Her extempore food lectures, delivered note-free and with lawyerly panache, were impressive for their erudition, effortless articulacy and, it has to be said, somewhat blasé approach to pedantic accuracy. (She talked of “nine different types of tripe” while most authorities would say that the cow only produces four.) It would be surprising to learn that CDW was a devotee of Wikipedia.

Though the British may be addicted to watching the fiddly impossibilities of Masterchef, it is the practical, tasty food of this irreproachably down-to-earth cook that we increasingly eat in restaurants, pubs and, it is to be hoped, our own homes. The availability of such assertive items as kidneys, oxtail, liver and anchovies is a legacy of CDW. She may have gone, but she’s left a lasting impression on our plate.

election 2015The 10 best quotes of the campaign
A caravan being used as a polling station in Ford near Salisbury, during the 2010 election
election 2015The Independent's guide to get you through polling day
David Blunkett joins the Labour candidate for Redcar Anna Turley on a campaigning visit last month
voicesWhat I learnt from my years in government, by the former Home Secretary David Blunkett
ebookA delicious collection of 50 meaty main courses
Life and Style
ebookNow available in paperback
  • Get to the point
Latest stories from i100
Have you tried new the Independent Digital Edition apps?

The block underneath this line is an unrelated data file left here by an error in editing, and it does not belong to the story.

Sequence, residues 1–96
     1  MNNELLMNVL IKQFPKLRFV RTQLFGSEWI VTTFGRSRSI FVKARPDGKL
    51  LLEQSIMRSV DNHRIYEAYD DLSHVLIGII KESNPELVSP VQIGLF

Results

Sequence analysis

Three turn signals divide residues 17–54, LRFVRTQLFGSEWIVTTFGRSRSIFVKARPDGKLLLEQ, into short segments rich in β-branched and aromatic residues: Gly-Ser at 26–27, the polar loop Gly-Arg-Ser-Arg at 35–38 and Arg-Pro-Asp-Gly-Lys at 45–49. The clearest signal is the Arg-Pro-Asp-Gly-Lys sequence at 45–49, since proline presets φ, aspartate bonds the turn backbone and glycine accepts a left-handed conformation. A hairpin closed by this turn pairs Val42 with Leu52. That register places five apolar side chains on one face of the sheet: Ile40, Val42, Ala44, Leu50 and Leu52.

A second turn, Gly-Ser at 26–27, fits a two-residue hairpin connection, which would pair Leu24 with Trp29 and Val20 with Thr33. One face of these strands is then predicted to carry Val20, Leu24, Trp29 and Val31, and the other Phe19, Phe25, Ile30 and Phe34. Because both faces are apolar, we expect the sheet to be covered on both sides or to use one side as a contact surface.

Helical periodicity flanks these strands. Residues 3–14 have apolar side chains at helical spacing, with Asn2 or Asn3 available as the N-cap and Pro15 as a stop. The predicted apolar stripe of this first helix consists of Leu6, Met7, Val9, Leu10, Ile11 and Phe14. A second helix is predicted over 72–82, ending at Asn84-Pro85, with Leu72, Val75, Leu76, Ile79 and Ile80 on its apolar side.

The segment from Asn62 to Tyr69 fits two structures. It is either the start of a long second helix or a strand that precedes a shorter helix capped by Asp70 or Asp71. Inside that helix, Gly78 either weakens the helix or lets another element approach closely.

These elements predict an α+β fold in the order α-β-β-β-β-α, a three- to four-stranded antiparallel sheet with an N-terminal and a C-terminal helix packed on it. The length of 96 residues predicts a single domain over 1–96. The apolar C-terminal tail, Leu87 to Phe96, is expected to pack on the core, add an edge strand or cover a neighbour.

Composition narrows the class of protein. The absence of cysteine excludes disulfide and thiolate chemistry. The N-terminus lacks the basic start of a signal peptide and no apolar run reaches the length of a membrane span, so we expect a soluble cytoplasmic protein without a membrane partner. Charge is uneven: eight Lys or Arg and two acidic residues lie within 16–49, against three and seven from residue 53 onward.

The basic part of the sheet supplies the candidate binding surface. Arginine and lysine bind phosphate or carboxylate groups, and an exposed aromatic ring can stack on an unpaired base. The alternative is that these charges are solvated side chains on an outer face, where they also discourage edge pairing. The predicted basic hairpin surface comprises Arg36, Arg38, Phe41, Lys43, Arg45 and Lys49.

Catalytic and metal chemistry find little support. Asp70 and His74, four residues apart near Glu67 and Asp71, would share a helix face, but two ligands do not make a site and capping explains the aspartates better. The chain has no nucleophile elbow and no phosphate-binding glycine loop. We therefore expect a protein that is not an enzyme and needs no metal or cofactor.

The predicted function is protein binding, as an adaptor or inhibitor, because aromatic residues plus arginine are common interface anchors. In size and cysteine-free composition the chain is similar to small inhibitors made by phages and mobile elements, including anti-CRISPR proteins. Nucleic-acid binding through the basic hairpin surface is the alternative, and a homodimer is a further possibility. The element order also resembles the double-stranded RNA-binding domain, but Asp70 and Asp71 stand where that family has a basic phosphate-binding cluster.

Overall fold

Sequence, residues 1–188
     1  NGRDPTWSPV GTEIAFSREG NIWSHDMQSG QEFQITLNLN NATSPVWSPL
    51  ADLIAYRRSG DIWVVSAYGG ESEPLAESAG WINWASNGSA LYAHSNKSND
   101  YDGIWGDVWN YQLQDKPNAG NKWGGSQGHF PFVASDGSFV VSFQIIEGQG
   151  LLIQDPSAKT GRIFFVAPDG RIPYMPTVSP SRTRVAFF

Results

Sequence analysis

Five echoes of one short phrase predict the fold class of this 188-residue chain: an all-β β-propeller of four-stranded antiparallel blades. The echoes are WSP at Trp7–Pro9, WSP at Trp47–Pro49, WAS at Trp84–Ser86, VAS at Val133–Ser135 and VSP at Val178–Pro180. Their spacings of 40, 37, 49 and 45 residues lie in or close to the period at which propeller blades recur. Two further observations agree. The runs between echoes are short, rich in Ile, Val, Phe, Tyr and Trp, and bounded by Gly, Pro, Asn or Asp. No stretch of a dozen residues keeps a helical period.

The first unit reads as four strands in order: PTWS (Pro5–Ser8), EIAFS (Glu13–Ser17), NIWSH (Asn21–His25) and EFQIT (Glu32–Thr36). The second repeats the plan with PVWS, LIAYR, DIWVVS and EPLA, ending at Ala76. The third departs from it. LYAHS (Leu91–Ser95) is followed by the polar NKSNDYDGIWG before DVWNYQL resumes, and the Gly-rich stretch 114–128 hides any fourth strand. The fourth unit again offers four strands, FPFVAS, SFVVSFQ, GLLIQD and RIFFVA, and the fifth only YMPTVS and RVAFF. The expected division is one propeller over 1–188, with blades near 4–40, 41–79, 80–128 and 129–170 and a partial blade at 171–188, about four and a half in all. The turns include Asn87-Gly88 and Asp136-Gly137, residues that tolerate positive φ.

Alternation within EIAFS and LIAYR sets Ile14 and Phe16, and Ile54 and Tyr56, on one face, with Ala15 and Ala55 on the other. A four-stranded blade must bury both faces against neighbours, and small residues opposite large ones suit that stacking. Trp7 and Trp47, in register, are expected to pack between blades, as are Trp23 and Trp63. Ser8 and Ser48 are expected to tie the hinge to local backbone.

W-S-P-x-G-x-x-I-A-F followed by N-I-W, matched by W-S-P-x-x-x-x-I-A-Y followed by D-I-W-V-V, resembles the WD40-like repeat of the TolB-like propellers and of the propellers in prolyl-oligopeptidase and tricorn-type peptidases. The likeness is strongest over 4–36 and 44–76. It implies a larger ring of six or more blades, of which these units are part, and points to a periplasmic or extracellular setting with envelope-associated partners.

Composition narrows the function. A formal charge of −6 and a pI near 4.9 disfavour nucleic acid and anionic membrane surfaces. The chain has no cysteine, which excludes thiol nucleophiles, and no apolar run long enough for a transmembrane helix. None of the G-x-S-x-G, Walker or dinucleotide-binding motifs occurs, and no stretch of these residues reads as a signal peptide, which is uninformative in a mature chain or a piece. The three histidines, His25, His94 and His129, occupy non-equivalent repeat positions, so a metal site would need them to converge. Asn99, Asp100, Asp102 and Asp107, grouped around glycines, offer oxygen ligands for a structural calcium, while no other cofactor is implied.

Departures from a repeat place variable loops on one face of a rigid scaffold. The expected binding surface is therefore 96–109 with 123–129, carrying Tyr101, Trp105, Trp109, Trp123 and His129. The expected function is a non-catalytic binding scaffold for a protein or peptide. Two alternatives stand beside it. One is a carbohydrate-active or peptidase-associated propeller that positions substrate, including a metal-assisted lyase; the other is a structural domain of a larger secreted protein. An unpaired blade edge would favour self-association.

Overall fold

Independent Dating

By clicking 'Search' you
are agreeing to our
Terms of Use.

ES Rentals

    iJobs Job Widget
    iJobs Food & Drink

    Guru Careers: Dining Room Head Chef

    £32K: Guru Careers: We are seeking a Dining Room Head Chef to work for one of ...

    Guru Careers: Pastry Sous Chef / Experienced Pastry Chef

    £27K: Guru Careers: We are seeking a Pastry Sous Chef / Experienced Pastry Che...

    Ashdown Group: Technical IT Manager - North London - Growing business

    £40000 - £50000 per annum: Ashdown Group: A growing business that has been ope...

    Recruitment Genius: Technical Supervisor

    £24800 - £29000 per annum: Recruitment Genius: As one of London's leading Muse...

    Day In a Page

    General Election 2015: ‘We will not sit down with Nicola Sturgeon’, says Ed Balls

    'We will not sit down with Nicola Sturgeon'

    In an exclusive interview, Ed Balls says he won't negotiate his first Budget with SNP MPs - even if Labour need their votes to secure its passage
    VE Day 70th anniversary: How ordinary Britons celebrated the end of war in Europe

    How ordinary Britons celebrated VE Day

    Our perception of VE Day usually involves crowds of giddy Britons casting off the shackles of war with gay abandon. The truth was more nuanced
    They came in with William Caxton's printing press, but typefaces still matter in the digital age

    Typefaces still matter in the digital age